• You choose someone who is going to live in your house and look after your children without having met them (some people pay for a potential au pair to fly to the UK and spend the weekend in their home for a little trial period but I haven’t found this to be necessary). I usually know when I pick the au pair up from the airport whether it’s going to work (it nearly always does).
  • An au pair doesn’t usually have childcare qualifications
  • An au pair usually stays for a year (although our first one ended up staying for over two years). In general that means back to the search quite regularly. Incidentally, I haven’t noticed the kids reacting badly to this – they just seem to accept it for what it is. When, on a couple of occasions, our au pairs have left suddenly they just ask when the next au pair is coming!

What does our au pair do?

  • School drop off and pick up
  • Drops boys off at weekday clubs e.g. ice hockey
  • Makes boys’ dinner (we usually tell her what to make)
  • Supervises homework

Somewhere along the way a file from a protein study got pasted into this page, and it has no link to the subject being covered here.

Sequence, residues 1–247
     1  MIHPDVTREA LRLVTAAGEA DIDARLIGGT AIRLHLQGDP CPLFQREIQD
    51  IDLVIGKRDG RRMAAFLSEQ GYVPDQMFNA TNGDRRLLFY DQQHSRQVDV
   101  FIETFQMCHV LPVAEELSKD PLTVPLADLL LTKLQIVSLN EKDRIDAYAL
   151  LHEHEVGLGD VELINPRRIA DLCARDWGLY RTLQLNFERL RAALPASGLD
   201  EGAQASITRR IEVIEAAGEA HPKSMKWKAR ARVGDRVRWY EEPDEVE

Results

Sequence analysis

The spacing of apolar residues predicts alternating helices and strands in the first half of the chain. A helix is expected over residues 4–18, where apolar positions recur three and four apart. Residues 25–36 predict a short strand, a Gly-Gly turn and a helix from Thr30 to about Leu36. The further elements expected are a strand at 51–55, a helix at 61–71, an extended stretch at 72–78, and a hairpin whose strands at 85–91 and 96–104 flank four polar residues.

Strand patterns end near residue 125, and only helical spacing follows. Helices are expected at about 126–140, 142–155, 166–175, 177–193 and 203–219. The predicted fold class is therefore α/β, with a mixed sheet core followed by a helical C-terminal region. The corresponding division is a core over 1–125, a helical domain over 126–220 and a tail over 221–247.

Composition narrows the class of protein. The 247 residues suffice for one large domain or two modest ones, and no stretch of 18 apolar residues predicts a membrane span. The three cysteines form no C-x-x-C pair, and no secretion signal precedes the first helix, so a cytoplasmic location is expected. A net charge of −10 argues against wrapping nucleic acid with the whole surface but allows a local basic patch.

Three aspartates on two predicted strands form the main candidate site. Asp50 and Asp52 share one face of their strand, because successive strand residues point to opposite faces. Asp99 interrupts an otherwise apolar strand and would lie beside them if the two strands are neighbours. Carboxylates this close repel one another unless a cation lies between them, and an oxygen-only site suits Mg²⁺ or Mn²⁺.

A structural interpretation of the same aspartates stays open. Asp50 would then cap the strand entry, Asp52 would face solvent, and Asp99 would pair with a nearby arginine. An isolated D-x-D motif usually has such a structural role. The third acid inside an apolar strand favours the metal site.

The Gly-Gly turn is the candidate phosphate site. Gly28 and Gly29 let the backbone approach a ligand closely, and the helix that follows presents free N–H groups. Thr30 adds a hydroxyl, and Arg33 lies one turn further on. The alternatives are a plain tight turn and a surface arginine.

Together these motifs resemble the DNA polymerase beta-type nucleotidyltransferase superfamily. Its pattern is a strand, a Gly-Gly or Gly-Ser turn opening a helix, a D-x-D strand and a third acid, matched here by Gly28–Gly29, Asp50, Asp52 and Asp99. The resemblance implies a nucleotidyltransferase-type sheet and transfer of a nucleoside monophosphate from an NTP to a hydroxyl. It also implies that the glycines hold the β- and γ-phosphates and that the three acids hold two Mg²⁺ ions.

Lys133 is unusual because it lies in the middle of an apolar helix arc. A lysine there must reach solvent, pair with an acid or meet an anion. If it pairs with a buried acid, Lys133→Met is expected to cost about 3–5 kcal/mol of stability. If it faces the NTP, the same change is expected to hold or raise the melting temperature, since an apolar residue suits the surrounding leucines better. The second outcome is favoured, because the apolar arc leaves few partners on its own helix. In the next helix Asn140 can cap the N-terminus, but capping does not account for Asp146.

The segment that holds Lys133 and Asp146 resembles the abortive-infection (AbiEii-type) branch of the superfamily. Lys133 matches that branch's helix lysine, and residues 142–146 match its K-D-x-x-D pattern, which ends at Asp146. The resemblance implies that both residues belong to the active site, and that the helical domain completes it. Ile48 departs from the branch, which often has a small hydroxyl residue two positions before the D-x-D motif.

• Does boys’ laundry
  • Keeps boys’ room tidy
  • Puts boys to bed if my husband or I can’t get home on time (around 7:30pm)

How to find an au pair

There are lots of ways to find an au pair, including agencies – general and specialist, e.g. ones that specialise in Swedish or Australian au pairs, as well as websites and personal connections. I have tried various methods and now I just use the website I make a nice advert to “sell” our family so that we sound like a nice family that potential au pairs will want to live with – we are a nice family, of course! I provide details of what the job entails, what we offer and also provide some information about our local area. I add photos of our family, the house and our au pair’s bedroom and bathroom. You need to provide this information to agencies too. Sometimes an au pair returning home can recommend a friend which works really well.

We live in London and need a driver so I am quite specific about my requirements. I am looking for:

  • a female – we have considered male au pairs but ended up going with female ones
  • preferably Spanish – I speak Spanish and have always been interested in Spain and its culture
  • aged 23+ – otherwise the car insurance is eye-wateringly expensive
  • someone who has lived in a city – so London isn’t too overwhelming
  • someone who speaks reasonable English – so she can understand what the children are saying and vice versa; and